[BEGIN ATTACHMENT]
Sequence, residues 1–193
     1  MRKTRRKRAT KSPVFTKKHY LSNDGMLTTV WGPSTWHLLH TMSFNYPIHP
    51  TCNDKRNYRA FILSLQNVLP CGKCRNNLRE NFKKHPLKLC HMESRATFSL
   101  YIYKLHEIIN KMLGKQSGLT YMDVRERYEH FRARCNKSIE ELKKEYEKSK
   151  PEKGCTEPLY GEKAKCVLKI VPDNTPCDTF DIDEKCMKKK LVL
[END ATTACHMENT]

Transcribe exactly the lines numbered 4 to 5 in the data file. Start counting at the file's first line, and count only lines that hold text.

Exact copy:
   101  YIYKLHEIIN KMLGKQSGLT YMDVRERYEH FRARCNKSIE ELKKEYEKSK
   151  PEKGCTEPLY GEKAKCVLKI VPDNTPCDTF DIDEKCMKKK LVL